The Quest | The Free Press of Reed College

Cool Thesis of the Week: “Suburban Paradise or ‘Sprawlsville, Washington’?”

Walking through the city, it is easy to look at stores and people, taking in their individual character. What many people do not consider, however, is the larger layout of the city.

For Alex Walker ’12, however, the broader organization of a city is of utmost interest. His History thesis, “Suburban Paradise or ‘Sprawlsville, Washington’?: The Growth of Vancouver, Washington, 1970-1994,” which he worked on last semester with Professor Michael Breen and this semester with Professor Tamara Venit-Shelton, details the expansion of Vancouver, Washington, guided by a battery of urban planning policies. Alex, of Sebastopol, California, has written over 100 pages on the history of these policies in Vancouver, which range from the minimum size of a property that can be sold to the optimal angle of a curb.

In the 1970′s and 80′s, says Alex, “tons of people” were moving to Vancouver, which is in Clark County, just North of Portland. This occurred as part of the Portland’s own urban growth; commuters moved to the suburb for its cheaper housing prices. As Alex says, “Clark County acted as a sort of escape valve for a lot of Portland’s growth.”

At the same time, the United States saw a “movement of urban planners” called “New Urbanism,” which sought to reduce urban sprawl, the phenomenon of areas of cities developing for a homogenous purpose, like large residence areas or expansive strip malls. Instead, they sought to encourage an organization in which cities develop with buildings of multiple purposes together in neighborhoods of tightly knit city blocks and grids. This is preferable, Alex says, “both for aesthetic reasons, and for issues of energy consumption and land consumption.” Widespread sprawl requires significantly longer drives and less sharing of transportation than the alternative “neotraditional” method, which seeks to mimic the way cities used to develop with intentional city organization.

In one of the first examples, developers in the outskirts of the city would install septic tanks for houses that contaminated groundwater, in some cases leaving “raw sewage in the streets.” The Clark County government responded by drawing a boundary around Vancouver, within which developers would be required to build into the sewer system. Outside of the boundary, land was not allowed to be parceled into areas smaller than one acre, to discourage developers from creating sprawling housing developments. Because it prevented them from investing in development, this policy “pissed a lot of developers off,” Alex says, “but it made a lot of sense in terms of preventing those things from happening again.” Alex says this was an innovation at the time, and it “might be one the most far-sighted things they did.” “That actually put them ahead of the oregon counties at the time,” he continues, but Clark County was eventually overtaken by Oregonian counties aided by Oregon’s more favorable state laws. Nonetheless, Clark County’s land laws have continued to become stronger as Vancouver has grown.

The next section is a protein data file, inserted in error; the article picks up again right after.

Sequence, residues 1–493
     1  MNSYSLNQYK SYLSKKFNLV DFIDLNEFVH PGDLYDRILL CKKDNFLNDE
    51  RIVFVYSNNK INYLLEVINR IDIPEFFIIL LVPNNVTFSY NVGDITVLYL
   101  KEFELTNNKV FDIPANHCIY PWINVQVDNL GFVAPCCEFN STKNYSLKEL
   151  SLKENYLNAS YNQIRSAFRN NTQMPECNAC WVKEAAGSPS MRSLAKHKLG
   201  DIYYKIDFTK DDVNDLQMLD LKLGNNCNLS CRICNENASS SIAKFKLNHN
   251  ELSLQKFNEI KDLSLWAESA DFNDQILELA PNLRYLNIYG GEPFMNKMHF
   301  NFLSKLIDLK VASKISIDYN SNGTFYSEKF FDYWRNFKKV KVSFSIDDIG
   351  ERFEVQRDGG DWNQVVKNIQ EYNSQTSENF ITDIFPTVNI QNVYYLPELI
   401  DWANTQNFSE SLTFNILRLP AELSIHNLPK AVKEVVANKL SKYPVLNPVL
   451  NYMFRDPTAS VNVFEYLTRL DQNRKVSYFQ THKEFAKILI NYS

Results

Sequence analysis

“It’s a really major environmental issue, but it’s a place with a lot more shades of gray.”

Land use laws are not only focused on the large-scale elements of a city. Alex says that there are also regulations such as those that say that in residential neighborhoods, curbs should be harder angles, making a shorter and easier crosswalk for pedestrians, and slowing down drivers. The width of streets can also be used to control the way walkers and drivers move through a city.

Though municipal and county governments have tried to listen to these complaints and encourage citizen involvement, Alex says, not many people are informed about land use planning; many involved citizens “looked at it in the short term.” It is hard to become informed about these issues, he says, because “unless you go up in an airplane, you couldn’t really see how Clark County was developing. That makes it a lot harder to make it into a political issue.” While he says he admires efforts to democratize the process, he asks, “how can you have this whole public process of building something as complex as a land-use plan?”

Alex says that city planning is an issue that contains a surprising amount of subtleties. “It’s a really major environmental issue, but it’s a place with a lot more shades of gray,” he says. “Land use planning has to do with balancing people’s needs with the environment,” and while “you can make developers into evil figures if they’re destroying wildlife habitat, but they’re also building houses for people to live in.” Though it is a complicated issue, Alex says, “it’s something that we really have to do and that matters a lot for the environment.”

Do you have or know of a thesis that compels attention? Just want to see your face in The Quest? Email ablum@reed.edu with “Cool Thesis” in the subject line.

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